Then I ask once more - why did you even start this thread?

While this indicates a legitimate problem - that people for whom English is a second language might need translations of this policy to their native tongue - for logistical reasons this specific discussion about forming the policy pretty much has to transpire in English.

And? Does that mean I didn't come around so far? What are you trying to state here? That you rather prefer comments from "native speaking" people only, because everything else is just "misinterpretation" and "not really helping"?

I confess that I'm really starting to lose my patience with you on this issue... there's still legitimate, productive discussion to be had regarding the policy, but I think you're prohibiting it rather than facilitating it.

Seriously, David, I was patient long enough to constantly take your shit towards me. I'm having enough. Why not do it like you did with the "sidebar" thread back in the day? Everyone who had an issue with it, and was it only slightly, or even with comments how to make it better, you banned them without real reason.

I got two unjustified ban warnings from you already, you told me to STFU a couple of times. Do you think because you're the president of this page, that you can randomly insult others while the insulted part didn't do jack? I personally don't think so. I wrote in a calm and collective way so far, I asked questions (that were partially ignored), I stated what-if scenarios as general issues that I feld needed to be adressed and I posted possible alternatives to consider. If that is not good enough for you for a proper discussion, I don't know what is.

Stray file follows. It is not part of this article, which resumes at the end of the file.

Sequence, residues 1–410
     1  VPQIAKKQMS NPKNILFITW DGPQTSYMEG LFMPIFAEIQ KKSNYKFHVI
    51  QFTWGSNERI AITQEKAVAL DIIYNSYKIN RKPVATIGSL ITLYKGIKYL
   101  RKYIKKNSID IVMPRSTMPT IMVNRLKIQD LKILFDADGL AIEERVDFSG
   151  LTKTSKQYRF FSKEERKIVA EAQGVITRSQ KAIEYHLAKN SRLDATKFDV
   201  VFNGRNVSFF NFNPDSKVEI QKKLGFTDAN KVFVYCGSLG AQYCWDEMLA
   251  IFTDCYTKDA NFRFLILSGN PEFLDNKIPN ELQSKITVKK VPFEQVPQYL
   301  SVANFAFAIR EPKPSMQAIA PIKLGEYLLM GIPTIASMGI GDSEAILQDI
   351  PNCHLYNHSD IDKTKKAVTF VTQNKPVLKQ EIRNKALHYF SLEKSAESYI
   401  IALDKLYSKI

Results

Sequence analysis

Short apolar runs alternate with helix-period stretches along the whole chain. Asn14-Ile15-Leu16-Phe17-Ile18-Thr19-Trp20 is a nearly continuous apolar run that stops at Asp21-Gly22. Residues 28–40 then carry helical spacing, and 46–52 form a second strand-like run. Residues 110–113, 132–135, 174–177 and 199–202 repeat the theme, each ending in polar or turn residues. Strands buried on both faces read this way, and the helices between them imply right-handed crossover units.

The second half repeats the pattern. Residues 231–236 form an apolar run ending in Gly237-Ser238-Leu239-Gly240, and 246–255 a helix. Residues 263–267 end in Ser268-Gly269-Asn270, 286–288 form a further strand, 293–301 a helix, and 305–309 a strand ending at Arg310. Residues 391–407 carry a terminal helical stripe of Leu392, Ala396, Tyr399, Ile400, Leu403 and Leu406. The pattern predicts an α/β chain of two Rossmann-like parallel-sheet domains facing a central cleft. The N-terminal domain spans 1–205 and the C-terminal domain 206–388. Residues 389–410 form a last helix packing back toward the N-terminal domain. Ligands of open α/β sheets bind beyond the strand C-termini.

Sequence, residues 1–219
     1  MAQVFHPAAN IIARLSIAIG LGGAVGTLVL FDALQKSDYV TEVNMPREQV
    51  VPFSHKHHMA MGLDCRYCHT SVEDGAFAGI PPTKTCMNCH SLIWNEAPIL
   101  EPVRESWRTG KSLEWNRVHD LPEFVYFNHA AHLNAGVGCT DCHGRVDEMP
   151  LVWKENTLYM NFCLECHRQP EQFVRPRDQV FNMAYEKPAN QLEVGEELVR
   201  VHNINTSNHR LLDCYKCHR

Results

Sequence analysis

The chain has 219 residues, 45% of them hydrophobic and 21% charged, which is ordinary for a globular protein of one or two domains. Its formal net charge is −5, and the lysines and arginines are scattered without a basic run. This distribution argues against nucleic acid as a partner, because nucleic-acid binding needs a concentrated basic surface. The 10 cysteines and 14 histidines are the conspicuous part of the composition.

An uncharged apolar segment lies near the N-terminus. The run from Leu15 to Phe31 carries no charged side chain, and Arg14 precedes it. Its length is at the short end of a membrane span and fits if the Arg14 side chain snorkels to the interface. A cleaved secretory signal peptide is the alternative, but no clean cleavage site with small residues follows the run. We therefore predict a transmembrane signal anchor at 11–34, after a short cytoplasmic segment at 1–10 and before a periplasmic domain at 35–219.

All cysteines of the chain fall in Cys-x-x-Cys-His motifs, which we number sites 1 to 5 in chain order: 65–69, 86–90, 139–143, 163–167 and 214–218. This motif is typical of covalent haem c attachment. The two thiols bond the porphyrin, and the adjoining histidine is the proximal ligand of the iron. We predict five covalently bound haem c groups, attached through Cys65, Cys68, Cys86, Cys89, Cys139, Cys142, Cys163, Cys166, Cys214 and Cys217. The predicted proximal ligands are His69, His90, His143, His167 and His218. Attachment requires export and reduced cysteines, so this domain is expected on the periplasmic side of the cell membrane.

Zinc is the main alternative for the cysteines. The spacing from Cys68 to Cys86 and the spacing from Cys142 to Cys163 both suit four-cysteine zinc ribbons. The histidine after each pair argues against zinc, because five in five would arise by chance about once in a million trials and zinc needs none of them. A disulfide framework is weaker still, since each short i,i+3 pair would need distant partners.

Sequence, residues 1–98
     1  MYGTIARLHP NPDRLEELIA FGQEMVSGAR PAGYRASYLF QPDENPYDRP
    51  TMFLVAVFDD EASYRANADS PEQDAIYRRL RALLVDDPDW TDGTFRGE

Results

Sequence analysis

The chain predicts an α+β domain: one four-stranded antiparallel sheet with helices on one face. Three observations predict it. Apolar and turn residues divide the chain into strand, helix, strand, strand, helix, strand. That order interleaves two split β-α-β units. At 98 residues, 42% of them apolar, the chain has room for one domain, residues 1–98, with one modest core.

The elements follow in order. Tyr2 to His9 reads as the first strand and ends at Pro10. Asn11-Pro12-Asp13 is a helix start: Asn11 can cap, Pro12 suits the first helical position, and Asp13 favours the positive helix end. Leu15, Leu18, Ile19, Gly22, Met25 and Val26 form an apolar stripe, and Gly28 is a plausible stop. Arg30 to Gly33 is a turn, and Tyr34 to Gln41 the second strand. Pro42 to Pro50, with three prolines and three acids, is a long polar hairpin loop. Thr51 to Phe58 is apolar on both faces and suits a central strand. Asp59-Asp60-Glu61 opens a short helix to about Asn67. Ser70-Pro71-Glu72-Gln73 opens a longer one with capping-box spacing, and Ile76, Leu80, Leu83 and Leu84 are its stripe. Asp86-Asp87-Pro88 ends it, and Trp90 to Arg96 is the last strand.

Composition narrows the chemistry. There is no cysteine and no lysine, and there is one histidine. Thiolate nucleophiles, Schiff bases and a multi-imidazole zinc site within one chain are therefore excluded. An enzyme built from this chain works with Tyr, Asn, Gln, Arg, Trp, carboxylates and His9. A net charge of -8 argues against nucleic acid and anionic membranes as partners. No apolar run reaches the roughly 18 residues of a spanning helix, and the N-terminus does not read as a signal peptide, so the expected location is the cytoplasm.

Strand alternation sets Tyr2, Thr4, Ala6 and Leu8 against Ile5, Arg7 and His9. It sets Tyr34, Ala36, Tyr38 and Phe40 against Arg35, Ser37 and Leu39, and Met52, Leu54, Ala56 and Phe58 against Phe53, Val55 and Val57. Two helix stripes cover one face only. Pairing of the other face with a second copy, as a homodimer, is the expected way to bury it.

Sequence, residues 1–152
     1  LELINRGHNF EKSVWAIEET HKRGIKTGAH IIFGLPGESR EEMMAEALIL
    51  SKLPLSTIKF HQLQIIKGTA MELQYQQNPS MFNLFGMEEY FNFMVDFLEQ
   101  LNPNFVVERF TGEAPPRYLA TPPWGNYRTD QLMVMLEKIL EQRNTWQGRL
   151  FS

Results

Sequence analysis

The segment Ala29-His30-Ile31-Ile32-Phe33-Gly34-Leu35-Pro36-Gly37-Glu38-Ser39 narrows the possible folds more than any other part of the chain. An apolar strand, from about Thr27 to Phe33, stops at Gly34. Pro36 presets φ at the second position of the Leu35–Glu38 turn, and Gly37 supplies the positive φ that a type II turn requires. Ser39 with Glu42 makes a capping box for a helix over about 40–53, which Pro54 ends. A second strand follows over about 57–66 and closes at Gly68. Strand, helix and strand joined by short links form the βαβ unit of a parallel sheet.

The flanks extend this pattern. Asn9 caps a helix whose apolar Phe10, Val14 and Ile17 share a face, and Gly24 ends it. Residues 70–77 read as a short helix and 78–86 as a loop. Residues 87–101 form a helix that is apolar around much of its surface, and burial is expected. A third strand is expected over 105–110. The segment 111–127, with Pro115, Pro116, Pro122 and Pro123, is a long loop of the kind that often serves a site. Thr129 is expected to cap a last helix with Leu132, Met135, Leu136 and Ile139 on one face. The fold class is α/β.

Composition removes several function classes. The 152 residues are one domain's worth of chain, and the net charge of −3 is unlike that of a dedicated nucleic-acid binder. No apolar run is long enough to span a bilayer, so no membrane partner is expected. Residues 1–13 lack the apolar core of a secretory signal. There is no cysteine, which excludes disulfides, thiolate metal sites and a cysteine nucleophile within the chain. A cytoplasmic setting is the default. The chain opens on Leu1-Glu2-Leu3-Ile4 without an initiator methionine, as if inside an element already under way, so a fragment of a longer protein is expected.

I tell you what, David. I think I just go to the next nearest Tatoo Shop and let my fat ass being tagged with the name and URL "OCReMix", over both asscheeks, so that I can spread the word how awesome your page is. Is that appropriate and marketing enough for you?

If you feel like banning me now - go ahead, I don't fucking care anymore - this is what OCR is best at after all. But I won't be silenced - not from you.